Dungeness - 0900hrs - cool, sunny, se3 - After yesterdays excitement it was a return to more normal fare around the Peninsula. Almost all of the thrushes, Chiffchaffs and Robins had departed overnight leaving an erratic passage of Goldfinches (probably 300 in two hours), plus a few Siskins, Skylarks, Mipits, Bramblings and Crossbills. From the Moat we watched the Raven pair giving a crow a hard time and a Sparrowhawk over the power station. From the boats the sea was quiet with just a trickle of distant Gannets, auks, terns, Kittiwakes, plus several flocks of Common Scoters, Wigeons and Brents in an hour. Managed to nail down a Yellow-legged Gull at last for the trip list while the Glaucous Gull was noted patrolling its usual patch. A Purple Sandpiper was seen along the shoreline during late morning.
Lade Bay - 1130hrs - We finished the week in fine style from the Lade boardwalk with the spectacle of the beach waders coming off the bay, on a rising tide to roost. All ten species were present and correct, along with 20 Sandwich Terns and 20 Brents.
The London Ladies notched up 123 species during the week with the highlights being; Glaucous Gull, Yellow-browed Warbler and Ring Ouzels at DBO, Great White Egret, Pectoral Sandpiper and Short-eared Owl on the bird reserve and Buff-breasted Sandpiper at Rye Harbour.
However, its not all about numbers of species or rarities. During the course of the week we had some truly memorable spectacles (even for an old cynic like me) and often it takes visiting birders to remind me what a truly marvellous place the Romney Marsh can be. Without getting too misty eyed, the waders going to roost at Lade were superb, as its not always easy to get the timing right. The viz mig at the Obs on Thursday took some beating, as we only seem to get one or two days like that each autumn, but I`m a sucker for waders and the sight of the massed ranks of Goldies and Lapwings in the setting sun at Walland was magical (phew, pass the hanky...).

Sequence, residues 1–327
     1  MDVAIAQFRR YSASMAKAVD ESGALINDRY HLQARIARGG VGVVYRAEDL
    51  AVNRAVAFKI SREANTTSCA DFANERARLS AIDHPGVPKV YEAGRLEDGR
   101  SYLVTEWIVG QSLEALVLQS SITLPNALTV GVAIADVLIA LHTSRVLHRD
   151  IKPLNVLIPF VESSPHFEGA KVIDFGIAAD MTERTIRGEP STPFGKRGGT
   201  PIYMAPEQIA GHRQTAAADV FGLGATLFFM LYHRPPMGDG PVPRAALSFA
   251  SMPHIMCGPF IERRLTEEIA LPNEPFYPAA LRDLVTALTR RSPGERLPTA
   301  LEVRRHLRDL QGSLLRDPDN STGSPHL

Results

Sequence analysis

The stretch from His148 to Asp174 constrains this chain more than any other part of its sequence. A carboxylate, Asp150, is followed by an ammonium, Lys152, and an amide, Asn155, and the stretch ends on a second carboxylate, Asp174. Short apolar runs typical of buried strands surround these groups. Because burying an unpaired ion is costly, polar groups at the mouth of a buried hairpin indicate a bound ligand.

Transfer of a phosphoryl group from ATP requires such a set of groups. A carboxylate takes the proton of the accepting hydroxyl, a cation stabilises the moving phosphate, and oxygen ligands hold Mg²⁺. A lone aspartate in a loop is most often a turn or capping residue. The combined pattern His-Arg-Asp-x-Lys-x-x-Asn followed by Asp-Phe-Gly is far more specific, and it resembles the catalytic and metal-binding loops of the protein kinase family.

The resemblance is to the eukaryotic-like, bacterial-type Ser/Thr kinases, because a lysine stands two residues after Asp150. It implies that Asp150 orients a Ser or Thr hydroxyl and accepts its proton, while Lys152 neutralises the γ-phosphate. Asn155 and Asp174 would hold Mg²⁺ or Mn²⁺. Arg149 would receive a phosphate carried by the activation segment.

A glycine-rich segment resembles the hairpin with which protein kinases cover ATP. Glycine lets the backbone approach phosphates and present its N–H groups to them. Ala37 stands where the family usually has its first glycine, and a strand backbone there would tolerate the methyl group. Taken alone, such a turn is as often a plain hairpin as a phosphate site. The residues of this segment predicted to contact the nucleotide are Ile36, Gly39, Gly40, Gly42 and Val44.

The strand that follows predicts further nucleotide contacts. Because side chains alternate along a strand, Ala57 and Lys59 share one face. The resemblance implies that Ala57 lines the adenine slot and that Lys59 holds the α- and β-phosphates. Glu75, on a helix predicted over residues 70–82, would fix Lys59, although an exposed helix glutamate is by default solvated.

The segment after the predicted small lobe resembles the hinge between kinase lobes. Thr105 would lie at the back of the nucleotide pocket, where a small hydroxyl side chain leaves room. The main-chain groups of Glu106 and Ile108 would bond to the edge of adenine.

Hookers - 1400hrs - Having just dropped the Ladies back at Ashford Station news came through of a Little Auk on one of the pools at Hookers; which called for a diversion from the weeds at the allotment. When I arrived it was at the far side of the pool, diving continually, alongside a flock of Coots and Dabchicks. Eventually, it came much closer but proved difficult to digi-scope ( as shown by yet another duff pic below). An extraordinary record considering the weather conditions and the first Little Auk I`ve seen on the RSPB reserve. Also noted 2 Kingfishers and a Stonechat, while the Glossy Ibis was reported earlier.